More importantly, the Vita version. The Vita was made for Rogue Legacy, where a few minutes here and there dipping into this rogue-like platformer set in your family’s haunted castle is all it takes to bring a smile to your face. It’s wonderfully charming, helped no end by ever new characters being the offspring of your last and usually suffering from some kind of genetic disorder. Be it gigantism, whereby you are twice the size of usual; short sided, meaning half the world is but a blur; or flatulent, which, well, let’s leave it there.

    Mario Kart 8

    It may not be different but when you’re still this good why change anything? Half of the joy of 8 is seeing Mario and his petrol-headed chums careering around the course in full high-definition. The beautiful worlds sing out from the screen as you hare through them in a game that doesn’t necessarily reinvent the wheel but is happy to refine it ever so slightly. Online is the star, however, with this version making it ridiculously simple to do away with the extreme rubber banding of the AI and pit your wits against players from across the globe.


    Ste


    Ste

    Forza Horizon 2

    2014 was a bad year for racers, but Forza Horizon 2 led the pack by a long distance by providing limitless amounts of fun in its French and Italian playground. By breaking the limits of track-based racers, Horizon 2 lets you go wherever you want, however you want, no matter what car you find yourself in. The showcase events are a real treat too; nothing compares to racing the setting sun in a Ferrari F40 down the coast of Italy.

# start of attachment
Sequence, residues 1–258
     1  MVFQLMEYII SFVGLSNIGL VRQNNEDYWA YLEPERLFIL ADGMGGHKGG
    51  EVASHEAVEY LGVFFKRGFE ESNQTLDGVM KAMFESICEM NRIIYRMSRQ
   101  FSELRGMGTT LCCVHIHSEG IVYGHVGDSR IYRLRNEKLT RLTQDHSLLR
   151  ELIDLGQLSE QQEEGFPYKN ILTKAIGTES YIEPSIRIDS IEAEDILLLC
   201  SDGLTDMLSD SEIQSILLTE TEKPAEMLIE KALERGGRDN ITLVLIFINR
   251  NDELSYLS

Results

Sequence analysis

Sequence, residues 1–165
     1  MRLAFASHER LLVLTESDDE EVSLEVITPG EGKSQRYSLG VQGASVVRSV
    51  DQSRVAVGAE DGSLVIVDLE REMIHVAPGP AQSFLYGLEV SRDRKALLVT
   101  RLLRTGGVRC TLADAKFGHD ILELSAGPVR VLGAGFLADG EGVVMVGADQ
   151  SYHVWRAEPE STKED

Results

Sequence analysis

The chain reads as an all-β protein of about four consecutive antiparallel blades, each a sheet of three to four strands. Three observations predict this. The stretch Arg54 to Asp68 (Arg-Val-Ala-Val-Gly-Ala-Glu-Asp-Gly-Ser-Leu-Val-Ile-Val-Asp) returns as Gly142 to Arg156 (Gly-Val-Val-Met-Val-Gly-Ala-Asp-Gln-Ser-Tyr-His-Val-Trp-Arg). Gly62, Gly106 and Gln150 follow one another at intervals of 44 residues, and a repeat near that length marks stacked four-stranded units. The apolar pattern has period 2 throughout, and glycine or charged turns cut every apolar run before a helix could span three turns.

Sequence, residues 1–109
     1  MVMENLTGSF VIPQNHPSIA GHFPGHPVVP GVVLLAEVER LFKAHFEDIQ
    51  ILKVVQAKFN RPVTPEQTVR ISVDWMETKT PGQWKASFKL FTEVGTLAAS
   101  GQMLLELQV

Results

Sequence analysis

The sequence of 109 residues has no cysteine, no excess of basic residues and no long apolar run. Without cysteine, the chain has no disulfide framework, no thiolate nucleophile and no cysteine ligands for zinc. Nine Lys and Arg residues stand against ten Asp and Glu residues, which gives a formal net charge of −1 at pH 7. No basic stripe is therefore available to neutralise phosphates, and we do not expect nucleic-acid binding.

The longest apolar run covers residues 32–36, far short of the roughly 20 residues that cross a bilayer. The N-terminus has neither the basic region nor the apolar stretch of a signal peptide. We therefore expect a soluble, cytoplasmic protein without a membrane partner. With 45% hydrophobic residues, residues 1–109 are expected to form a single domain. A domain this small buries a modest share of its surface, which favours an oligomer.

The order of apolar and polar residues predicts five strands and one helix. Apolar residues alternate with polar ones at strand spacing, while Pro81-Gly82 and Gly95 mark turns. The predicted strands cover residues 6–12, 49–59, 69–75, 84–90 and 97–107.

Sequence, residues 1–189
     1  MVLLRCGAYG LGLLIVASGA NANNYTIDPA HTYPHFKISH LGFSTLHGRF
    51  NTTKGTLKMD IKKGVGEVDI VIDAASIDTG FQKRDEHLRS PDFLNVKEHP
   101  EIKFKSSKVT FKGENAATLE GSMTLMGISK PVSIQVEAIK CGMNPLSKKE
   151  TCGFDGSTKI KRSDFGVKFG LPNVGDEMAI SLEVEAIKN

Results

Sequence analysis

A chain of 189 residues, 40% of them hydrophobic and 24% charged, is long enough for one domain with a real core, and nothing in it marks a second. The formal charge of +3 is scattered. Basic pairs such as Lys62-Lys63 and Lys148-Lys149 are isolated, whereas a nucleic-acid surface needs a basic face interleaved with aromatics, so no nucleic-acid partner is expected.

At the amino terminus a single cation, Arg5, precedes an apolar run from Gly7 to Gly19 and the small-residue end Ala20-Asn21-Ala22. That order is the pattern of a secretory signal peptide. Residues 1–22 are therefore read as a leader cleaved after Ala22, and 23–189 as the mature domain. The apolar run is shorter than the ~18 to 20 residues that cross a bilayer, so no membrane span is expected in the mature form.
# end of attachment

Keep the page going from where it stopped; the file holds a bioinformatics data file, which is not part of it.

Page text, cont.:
Middle-earth: Shadow of Mordor

    Lord of the Rings has had poor service in the videogame world, and finally it has a release worthy of carrying the brand forwards. As Talion, you are tasked with taking the heads of every Orc you possibly can on your journey of redemption and revenge. The combat was brutal and the world looked fantastic, but boy could it be one hell of a frustrating challenge.

    Valiant Hearts: The Great War

    Rarely am I moved by videogames. Some storylines aren't always believable or the emotional connection between the player and the game isn't always there. Valiant Hearts however has a simple charm which has a poignant meaning coinciding with the anniversary of the First World War. At its heart, its a simplistic side-scrolling puzzler that isn't necessarily the toughest around, but its heart-warming story is what makes the game a real treat to play.